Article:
Remember Open Slather? The show that was going to revitalise Australian sketch comedy by harking back to the golden age of the late 80s and… well, that was pretty much it. But the late 80s! When comedy was funny! Not all the quasi-racist material mind you, and a lot of the stuff about women looks a bit iffy now, and the celebrity parodies can be a little basic and a lot of the really successful characters you probably couldn’t get away with today, but yeah… Open Slather.
It’s a sign of just how compelling this particular Foxtel sketch comedy show has been that we didn’t even realise it had gone on a break after its tenth episode. But the good news is, it’s back! Having sacked most of its writers during the course of the first series, we were pretty interested to see if narrowing down the staff to the ever-reliable core of Dave O’Neil and his buddies would lead to any noticeable uptick in quality on-screen.
Of course that didn’t happen, but it is fair to say that Open Slather 2.0 comes across as a far more solid effort than their first stab at it. Not funny, we have to stress – “solid”. Gone for the most part are the bizarrely unfunny sketches (remember “Rack”) that left us scratching our heads; gone also are a lot of the more blatant attempts to create “sure-fire” comedy characters. The TV show parodies have been scaled back a bit too, though you’re never going to kill off that Liz Hayes 60 Minutes one.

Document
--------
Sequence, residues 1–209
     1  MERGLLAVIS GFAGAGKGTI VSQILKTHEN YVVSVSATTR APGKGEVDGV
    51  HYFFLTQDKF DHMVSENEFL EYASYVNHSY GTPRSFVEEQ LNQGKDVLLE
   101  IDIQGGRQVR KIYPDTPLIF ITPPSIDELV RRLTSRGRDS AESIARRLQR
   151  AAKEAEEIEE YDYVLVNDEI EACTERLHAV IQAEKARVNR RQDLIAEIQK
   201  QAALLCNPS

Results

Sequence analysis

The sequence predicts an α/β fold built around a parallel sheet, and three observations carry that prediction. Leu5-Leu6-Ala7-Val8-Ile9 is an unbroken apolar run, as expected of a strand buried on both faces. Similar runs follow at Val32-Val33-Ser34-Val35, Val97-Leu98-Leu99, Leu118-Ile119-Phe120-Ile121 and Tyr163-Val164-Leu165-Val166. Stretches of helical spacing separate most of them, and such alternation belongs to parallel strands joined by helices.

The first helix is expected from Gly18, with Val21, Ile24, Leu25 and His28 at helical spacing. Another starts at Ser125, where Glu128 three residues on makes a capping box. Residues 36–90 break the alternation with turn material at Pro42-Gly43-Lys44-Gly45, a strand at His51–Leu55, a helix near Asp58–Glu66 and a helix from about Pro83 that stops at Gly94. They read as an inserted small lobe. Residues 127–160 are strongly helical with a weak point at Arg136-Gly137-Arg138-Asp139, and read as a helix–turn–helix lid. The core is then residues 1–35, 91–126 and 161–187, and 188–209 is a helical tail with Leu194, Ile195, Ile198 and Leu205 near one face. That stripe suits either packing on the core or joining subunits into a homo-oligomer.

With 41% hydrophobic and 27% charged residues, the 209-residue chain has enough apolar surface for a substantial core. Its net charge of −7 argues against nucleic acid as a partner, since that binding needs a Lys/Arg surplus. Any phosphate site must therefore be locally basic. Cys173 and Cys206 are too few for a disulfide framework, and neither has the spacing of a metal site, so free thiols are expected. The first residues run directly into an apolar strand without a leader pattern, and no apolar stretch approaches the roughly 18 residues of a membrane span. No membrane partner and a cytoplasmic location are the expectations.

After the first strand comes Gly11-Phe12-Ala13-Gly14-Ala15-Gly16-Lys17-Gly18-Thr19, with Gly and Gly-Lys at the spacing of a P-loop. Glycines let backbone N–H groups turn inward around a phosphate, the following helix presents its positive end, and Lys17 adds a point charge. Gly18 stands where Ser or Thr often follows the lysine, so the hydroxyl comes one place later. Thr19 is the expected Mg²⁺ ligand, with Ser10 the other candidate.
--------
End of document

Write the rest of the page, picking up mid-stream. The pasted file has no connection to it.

What’s left – aside from more jokes involving guys in suits of armour because they rented them for a Game of Thrones parody way back in ep one and they might as well get their money’s worth – is the kind of blandly competent sketches that have put Australian sketch comedy in its grave. A sketch about a hip restaurant’s overly complicated ordering system! A sketch about a guy at a job interview who doesn’t want to get hired! A sketch about separated parents who use their child as a weapon! Actually, that’s a series of sketches. That idea does not get funnier with repetition.
Occasionally things move out of a comfort zone firmly established in 1991. A sketch where a man is murdered in fairly gruesome fashion for writing on a whiteboard with a permanent marker is slightly unpleasant; Guru Steve’s surf karate course opens episode 12 because it’s almost kind of funny. And an extended sketch where Marg Downey is a daggy loser on Dancing With the Stars is the kind of thing she was doing 30 years ago with the D-Generation.
But for the most part this feels firmly like the thrill has gone. All that’s left is a bunch of professionals getting the job done. They’re still doing those Glenn Robbins roadside drug testing sketches, only now Robbins literally walks out of the sketch halfway through and lets the new guys finish things off.
There’s a lesson in there somewhere.